The Blasphemer: A Novel by Nigel Farndale (New York: Crown Publishers, 2010. 384 pp)
Best known for his interviews in the Sunday Telegraph, Nigel Farndale is a British author and journalist. Farndale went to Barnard Castle School before receiving a master’s degree in philosophy from Durham University. On top of his work for the Sunday Telegraph, Farndale contributes articles to the Sunday Times, Country Life, and Spectator. Of his five published books, Haw-Haw: The Tragedy of William and Margaret Joyce was shortlisted for both the 2005 Whitbread Prize and James Tait Black Memorial Prize. Additionally, The Blasphemer was shortlisted for the 2010 Costa Novel Award. Farndale lives between Hampshire and Sussex with his wife and three sons.
The lifeboat example, a classical Philosophy 101 illustration, depicts a scenario in which you reside safely in a lifeboat surrounded by a sea of drowning passengers. While the hope of you – the lone lifeboat resident – is to save as many as possible, only one more person can safely board. Amongst the drowning treads your spouse, a brilliant physicist, and a poor child. Who should you save?
Daniel Kennedy – a zoologist, Dawkinsian atheist, and protagonist of The Blasphemer – would first choose to save himself. As a downed seaplane off the Galapagos Islands fills with water, he swims past his struggling, common-law wife, Nancy, in order to reach the surface. Although Daniel fills his lungs with air in order to swim back down to the sinking wreckage in order to save Nancy, the psychological damage is done.
Later, while Daniel attempts to swim approximately 14 miles to the Galapagos Islands hoping to find help for his fellow survivors, he is compelled forward by a vision of a man, an apparition, or more logically a hallucination.
Fight, Flight, and Faith
Farndale’s book discusses weighty subjects. Following Daniel’s great-grandfather, Andrew Kennedy, through the First Great War and detailing Daniel’s detective-natured father, Philip, the Blasphemer narrates three familial generations through war, terrorism, and foundational belief.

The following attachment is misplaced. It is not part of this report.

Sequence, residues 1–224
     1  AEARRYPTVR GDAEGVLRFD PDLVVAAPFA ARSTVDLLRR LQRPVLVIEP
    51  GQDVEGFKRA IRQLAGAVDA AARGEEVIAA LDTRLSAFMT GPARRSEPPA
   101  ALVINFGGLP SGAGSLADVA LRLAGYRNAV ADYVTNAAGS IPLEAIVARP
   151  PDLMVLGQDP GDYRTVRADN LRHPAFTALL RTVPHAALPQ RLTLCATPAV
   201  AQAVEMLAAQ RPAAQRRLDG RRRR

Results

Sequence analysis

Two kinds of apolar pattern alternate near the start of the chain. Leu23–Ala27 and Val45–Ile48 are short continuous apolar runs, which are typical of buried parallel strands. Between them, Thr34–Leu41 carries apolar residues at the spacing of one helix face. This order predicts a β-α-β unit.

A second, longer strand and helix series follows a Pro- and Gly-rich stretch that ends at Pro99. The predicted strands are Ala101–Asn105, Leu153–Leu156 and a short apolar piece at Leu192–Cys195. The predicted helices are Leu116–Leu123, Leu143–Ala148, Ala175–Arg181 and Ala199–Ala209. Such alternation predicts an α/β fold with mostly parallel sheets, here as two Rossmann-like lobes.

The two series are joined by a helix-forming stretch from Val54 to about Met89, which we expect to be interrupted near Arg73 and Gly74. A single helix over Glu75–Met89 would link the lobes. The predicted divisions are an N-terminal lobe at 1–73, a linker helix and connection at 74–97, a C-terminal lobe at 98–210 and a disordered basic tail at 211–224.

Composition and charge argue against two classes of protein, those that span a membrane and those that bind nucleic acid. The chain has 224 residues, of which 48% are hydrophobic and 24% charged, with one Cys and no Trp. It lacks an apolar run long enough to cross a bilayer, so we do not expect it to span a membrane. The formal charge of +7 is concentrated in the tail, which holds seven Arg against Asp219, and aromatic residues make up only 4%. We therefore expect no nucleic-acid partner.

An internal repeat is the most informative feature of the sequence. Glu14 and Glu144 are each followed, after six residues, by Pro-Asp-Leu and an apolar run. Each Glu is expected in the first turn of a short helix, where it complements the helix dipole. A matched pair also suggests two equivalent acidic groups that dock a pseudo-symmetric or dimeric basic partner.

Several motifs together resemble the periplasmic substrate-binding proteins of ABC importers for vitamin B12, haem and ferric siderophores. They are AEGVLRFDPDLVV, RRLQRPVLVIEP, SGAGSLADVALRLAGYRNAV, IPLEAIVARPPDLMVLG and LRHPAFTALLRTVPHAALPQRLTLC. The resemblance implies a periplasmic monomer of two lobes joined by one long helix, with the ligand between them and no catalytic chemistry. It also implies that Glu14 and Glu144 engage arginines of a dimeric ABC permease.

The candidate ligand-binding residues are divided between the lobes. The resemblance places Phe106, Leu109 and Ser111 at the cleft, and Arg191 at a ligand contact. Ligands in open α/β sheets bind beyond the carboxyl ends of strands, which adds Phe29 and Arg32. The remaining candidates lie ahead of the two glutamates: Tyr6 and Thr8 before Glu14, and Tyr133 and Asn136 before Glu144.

In between the tensions of modern science and ancient religious tradition, Farndale crafts his characters:
“Perhaps you are right. Perhaps that is why God makes angels, immaterial beings whose identity resides in the world of thought. The unseen world. The abstract world. They are creatures that can’t be explained away by scientists.”
“Thought you sad men make angels.”
“No. I said that Darwin said that men make angels.”
“So you do believe in them?”
“They have been described as the most beautiful conceit in mortal wit, and I would go along with that” (177).
Although the tome begins slowly, the story compellingly unfolds into a page turner. Farndale’s characters provide depth in the storyline and the motifs from each era unite nicely.
Ultimately, the Blasphemer is a cinematic story surrounding belief. While some create a dichotomy between faith and reason, Farndale suggests that faith is a necessary aspect of reason. When placed in stressful and life-threatening situations, humans react in different ways. Some safe themselves, some save the most talented, and other are self-sacrificial. In all of these instances, actions exist on a foundation of faith. As one of the better books read last year, I recommend this book.